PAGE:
Treatment in Breast Cancer Patients Over 70 May Be Safely Reduced

Quality of life is an important metric doctors and patients consider throughout cancer treatment. Often, there can be concern that the treatment may do more harm than good. A new study looked at the necessity of certain treatments for breast cancer patients over 70 and found that they may not be all that beneficial.

Researchers at UPMC Hillman Cancer Center and the University of Pittsburgh School of Medicine examined common treatment options in this age group. They found that cancer recurrence or survival may not vary much between treated and untreated patients in the early stages of the most common form of female breast cancer. Their findings were recently published in JAMA Network Open.

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Dr. Priscilla McAuliffe, senior author and surgical oncologist at UPMC Hillman Cancer Center, says, “As a breast surgeon, I want to give my patients the best chance of survival with the best quality of life. However, we have found that overtreatment of early-stage breast cancer in older patients may actually cause harm while not improving recurrence or survival rates.”

To conduct the study, the team looked at data regarding more than 3,000 women over the age of 70 who had been diagnosed with ER-positive, HER2-negative breast cancer between 2010 and 2018. They focused on women who had had two common procedures: sentinel lymph node biopsy (SLNB), in which lymph nodes are removed from the underarm to see if cancer has spread from the breast, and radiotherapy, which is typically given after breast-conserving surgery to kill any leftover tumor. Researchers say some of the side effects of these procedures include nerve pain, lymphedema, and skin irritation, which can be more difficult for elderly patients.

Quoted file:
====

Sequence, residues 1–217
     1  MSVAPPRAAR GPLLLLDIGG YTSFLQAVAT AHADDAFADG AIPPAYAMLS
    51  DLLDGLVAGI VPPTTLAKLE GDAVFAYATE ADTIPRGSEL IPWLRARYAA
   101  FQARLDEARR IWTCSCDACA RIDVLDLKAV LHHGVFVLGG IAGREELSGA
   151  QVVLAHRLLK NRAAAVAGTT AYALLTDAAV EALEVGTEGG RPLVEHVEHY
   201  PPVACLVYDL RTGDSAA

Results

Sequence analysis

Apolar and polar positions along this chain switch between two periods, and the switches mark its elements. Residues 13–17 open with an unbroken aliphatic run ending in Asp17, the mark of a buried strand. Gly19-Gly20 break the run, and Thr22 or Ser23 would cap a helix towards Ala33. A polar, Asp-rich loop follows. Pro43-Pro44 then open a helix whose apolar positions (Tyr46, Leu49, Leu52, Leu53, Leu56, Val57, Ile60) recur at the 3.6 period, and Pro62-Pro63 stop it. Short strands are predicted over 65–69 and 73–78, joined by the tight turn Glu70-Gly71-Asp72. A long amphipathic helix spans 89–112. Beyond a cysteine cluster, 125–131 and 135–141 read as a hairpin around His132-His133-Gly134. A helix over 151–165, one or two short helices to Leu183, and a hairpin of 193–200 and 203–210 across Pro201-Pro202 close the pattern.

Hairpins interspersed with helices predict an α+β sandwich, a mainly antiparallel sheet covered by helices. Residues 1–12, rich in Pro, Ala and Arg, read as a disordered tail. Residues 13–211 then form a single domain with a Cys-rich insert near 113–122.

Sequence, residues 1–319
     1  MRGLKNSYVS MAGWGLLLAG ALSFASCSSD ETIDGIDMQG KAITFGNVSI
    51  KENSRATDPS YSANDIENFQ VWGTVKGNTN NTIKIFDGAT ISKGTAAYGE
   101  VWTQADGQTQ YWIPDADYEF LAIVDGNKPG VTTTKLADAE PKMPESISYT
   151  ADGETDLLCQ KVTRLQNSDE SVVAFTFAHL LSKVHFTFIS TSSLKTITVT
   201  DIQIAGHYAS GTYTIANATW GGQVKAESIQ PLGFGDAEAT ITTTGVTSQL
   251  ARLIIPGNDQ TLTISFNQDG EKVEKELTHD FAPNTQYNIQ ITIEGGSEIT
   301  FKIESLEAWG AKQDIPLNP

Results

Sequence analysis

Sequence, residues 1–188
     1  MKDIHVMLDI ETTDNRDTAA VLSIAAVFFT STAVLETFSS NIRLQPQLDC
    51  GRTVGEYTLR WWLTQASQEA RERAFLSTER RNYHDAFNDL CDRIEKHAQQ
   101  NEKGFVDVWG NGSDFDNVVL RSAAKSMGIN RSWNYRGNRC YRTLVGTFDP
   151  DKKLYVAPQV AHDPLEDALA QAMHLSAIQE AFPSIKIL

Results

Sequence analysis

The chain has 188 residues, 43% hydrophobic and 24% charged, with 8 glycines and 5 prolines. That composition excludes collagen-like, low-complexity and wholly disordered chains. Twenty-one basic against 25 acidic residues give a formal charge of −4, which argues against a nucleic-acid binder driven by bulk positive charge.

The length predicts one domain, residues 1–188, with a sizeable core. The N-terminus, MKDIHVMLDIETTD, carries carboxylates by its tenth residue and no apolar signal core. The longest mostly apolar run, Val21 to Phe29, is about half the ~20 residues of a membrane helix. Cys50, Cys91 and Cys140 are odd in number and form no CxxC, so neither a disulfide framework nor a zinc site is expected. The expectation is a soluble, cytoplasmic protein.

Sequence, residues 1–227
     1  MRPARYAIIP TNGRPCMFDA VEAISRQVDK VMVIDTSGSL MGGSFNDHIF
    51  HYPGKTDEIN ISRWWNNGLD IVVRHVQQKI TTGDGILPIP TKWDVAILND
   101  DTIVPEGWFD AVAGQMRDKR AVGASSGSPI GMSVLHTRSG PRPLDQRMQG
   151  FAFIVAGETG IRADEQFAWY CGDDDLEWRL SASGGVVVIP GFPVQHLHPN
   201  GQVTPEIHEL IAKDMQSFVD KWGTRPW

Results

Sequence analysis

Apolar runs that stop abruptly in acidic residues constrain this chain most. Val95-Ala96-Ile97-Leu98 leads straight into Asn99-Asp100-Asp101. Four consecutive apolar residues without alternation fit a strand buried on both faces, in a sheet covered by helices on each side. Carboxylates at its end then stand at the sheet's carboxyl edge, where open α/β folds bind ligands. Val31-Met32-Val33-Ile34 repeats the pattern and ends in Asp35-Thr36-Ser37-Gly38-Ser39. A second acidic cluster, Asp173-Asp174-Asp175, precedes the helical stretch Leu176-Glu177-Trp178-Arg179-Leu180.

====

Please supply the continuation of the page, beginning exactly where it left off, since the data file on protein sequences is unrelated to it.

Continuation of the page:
The analysis found that 65.3% of patients over the age of 70 had undergone an SNLB procedure, while 54.4% had had radiotherapy. However, the rates of recurrence and survival were the same, whether they had undergone these procedures or not. This applied despite tumor grade or comorbidities.

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Dr. Adrian Lee, investigator at the Women’s Cancer Research Center at UPMC Hillman, says, “This study is an example of how we can use big data to deliver on the promise of precision medicine—getting the right treatment to the right patient at the right time. Sometimes—as it happens to be in this case—that could mean deciding not to provide a certain treatment to ensure better care for the patient.”

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Dr. Lee hopes these findings will lead to an understanding that some treatments may be omitted if they won’t affect quality of life or the patient’s survival rate.

He says, “Women with this special type of breast cancer at that elderly age, have a low risk of recurrence. And in this case, they don’t necessarily need the sentinel lymph node biopsy surgery and then radiation therapy.”

Studies on breast cancer in the elderly have not been very extensive, with people in that age group typically left out of clinical trials. There will be a growing need, though, as it’s estimated that by 2030, women between the ages of 70 and 84 will account for 35% of new breast cancer diagnoses.

PHOTO: ADOBE STOCK/WAVEBREAKMEDIAMICRO
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